While the Firm uses the best information available to it in estimating its repurchase liability, the estimation process is inherently uncertain and requires the application of judgment.
– JP Morgan’s Q2 10-Q filing.
In Citi’s experience to date, as stated above, the request for loan documentation packages is an early indicator of a potential claim. During 2009, loan documentation package requests and the level of outstanding claims increased. In addition, Citi’s loss severity estimates increased during 2009 due to the impact of macroeconomic factors and its experience with actual losses at such time.
– Citi’s Q2 10-Q filing
Although this expense and related reserve are based on a life and loan calculation, the environment around repurchases continues to evolve and we will assess this reserve based on the facts available to us each quarter.
– Bank of America’s Q2 conference call.
Second quarter origination revenue was reduced by a $382 million addition to the mortgage loan repurchase reserve compared with a $402 million addition in first quarter.
– Wells Fargo Q2 press release.
Uncertain. Increasing. Evolving. Reducing.
Good choice of words, US banks.
And ones that also fit in with a just-released Fitch report on the impact of mortgage repurchases on the four US banks. The rating agency is undertaking a special review to assess the potential impact of repurchases — in which mostly US Government-Sponsored Enterprises (GSEs) force banks to buyback misrepresented mortgages — in light of a growing trend.
And, as of now, Fitch estimates the four banks’ buyback pain could be $17bn – $42bn:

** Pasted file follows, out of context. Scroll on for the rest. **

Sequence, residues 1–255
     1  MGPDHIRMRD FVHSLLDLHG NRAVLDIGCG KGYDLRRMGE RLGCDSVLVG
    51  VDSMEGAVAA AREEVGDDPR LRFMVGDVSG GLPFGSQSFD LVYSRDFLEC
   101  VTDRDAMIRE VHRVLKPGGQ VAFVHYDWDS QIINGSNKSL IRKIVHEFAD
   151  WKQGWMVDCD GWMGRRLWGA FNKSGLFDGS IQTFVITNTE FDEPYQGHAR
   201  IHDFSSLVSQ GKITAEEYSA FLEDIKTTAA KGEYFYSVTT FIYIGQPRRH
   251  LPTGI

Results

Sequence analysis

–Under a mild loss scenario, where the GSEs collectively and successfully put back 25% of the current outstanding inventory of seriously delinquent loans, and assuming recovery rates of 60%, Fitch believes the expected loss for the four largest banks could be about $17 billion.
–Using a more moderate loss scenario, whereby the put-back rate goes to 35% and recovery rate drops to 55%, Fitch believes losses could come in around $27 billion.
–Finally, under a more adverse but less likely scenario, if repurchase requests were to run at 50% of delinquent loans, and recovery rates fall to 50%, then losses are about $42 billion.
These figures do not incorporate the ability to cure deficiencies in loans, thus ultimate realized losses could be lower than these figures. To put these figures in perspective, these institutions had annualized pre-provision net revenues and net income of $164 billion and $54 billion, respectively, in aggregate and $391 billion of tangible common equity.
So that’s not a threat to survival, but certainly a big drag on future earnings.
Did we mention that the Federal Reserve wants a piece of the repurchase action too?